All-new Mercedes Benz C-Class
18 Jan. 2007. Longer, wider, faster, safer and more economical is the direction Mercedes have gone with its fourth generation version of the best-selling C-Class saloon, launched tonight at Mercedes-Benz World in Stuttgart, the premiere beamed worldwide via an online broadcast.
With the Avantgarde, Elegance and Classic modelss, Mercedes-Benz offers three individual specifications whose emphasis is on either comfort or sporting performance. All model variants share the latest, state-of-the-art technology that includes the newly developed Agility Control package with situation-responsive shock absorber control, the Intelligent Light System with five different lighting functions and the Pre-Safe® preventive occupant protection system. There is a choice of four and six-cylinder engines with up to 13 percent more power than the preceding model, accompanied by six percent lower fuel consumption.
The new saloon is 55 millimetres longer (4581 millimetres) than its predecessor. The body width has increased by 42 mm to 1770 millimetres, and the wheelbase by 45 mm to 2760 millimetres. These dimensions create the conditions for a generously sized interior, and therefore more comfort with front shoulder room increased by 40 millimetres, for example.
For the first time in a Mercedes saloon, the radiator grille is used as a distinguishing feature to position the model variants more clearly. Three extended, horizontal louvres and a big centrally positioned Mercedes star characterise the Avantgarde as a traditional sporting Mercedes design. This look, together with the revised, more performance-oriented, interior can be enhanced even further with the AMG sports package, which includes front and rear aprons plus side skirts.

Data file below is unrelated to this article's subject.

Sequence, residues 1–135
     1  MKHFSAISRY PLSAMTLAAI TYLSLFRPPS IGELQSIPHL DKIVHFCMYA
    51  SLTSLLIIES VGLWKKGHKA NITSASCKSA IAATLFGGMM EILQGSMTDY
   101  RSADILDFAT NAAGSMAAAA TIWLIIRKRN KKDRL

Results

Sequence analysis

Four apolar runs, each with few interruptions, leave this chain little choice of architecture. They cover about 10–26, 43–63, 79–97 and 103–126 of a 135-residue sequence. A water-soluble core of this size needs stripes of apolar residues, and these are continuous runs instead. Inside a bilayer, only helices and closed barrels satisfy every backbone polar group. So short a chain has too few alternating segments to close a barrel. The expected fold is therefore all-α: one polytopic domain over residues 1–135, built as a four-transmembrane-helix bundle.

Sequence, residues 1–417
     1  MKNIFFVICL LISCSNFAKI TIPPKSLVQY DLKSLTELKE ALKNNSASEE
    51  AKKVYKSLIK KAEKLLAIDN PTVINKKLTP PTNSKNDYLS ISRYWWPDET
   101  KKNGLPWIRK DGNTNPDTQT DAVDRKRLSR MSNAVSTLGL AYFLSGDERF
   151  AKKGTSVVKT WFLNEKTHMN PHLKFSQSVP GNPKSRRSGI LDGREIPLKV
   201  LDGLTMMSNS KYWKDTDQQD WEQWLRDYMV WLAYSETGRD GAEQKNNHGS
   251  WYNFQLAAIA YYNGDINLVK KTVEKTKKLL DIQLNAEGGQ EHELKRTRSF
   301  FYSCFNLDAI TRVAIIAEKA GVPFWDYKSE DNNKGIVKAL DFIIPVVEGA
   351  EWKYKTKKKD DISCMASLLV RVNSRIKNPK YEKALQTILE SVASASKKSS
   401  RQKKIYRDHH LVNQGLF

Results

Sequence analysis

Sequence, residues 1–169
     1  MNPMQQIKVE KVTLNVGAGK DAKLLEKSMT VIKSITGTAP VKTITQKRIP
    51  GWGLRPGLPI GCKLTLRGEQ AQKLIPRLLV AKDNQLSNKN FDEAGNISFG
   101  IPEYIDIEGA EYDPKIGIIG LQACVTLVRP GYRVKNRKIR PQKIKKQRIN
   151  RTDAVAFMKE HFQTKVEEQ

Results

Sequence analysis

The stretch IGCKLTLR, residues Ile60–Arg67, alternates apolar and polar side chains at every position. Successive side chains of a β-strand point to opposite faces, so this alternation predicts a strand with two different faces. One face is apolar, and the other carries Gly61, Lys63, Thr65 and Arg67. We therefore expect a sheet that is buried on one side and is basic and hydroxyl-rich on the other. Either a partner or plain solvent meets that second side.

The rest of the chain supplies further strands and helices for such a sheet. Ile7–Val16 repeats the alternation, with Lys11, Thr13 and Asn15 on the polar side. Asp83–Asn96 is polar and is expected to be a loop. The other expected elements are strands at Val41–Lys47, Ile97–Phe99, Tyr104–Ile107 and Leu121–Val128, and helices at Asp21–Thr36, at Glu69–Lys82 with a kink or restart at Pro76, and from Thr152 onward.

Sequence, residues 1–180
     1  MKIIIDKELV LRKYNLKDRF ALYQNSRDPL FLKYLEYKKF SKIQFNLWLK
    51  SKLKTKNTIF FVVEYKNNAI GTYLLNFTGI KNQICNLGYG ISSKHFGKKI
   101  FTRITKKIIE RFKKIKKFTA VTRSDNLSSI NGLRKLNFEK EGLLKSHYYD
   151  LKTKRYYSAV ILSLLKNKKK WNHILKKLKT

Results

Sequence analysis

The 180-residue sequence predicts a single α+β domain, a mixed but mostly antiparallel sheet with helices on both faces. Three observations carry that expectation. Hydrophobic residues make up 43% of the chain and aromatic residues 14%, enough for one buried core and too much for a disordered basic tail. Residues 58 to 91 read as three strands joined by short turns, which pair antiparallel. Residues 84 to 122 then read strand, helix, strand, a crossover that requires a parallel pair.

In the Elegance, Mercedes-Benz employs a three-dimensional, louvred radiator grille with a high-gloss paint finish to accentuate its other brand-typical attributes such as comfort and luxury. The Classic model in the new C-Class is more restrained and traditional, but offers the same technical innovations as the other two model variants.
All the models offer the same driving experience so it's up to individual tastes and budgets as to which model buyers go for.
Agility Control is the term used by Mercedes-Benz for all new and further developments that improve both comfort and agility in equal measure. When driving normally with low shock absorber impulses, the damping forces are automatically reduced for a noticeable improvement in ride comfort - but without any compromise in handling safety. When driving more dynamically, the maximum damping forces are set and the car is effectively stabilised. The Agility Control steering of the new C-Class has a 14.5 ratio and is therefore six percent more direct than the steering of the preceding model.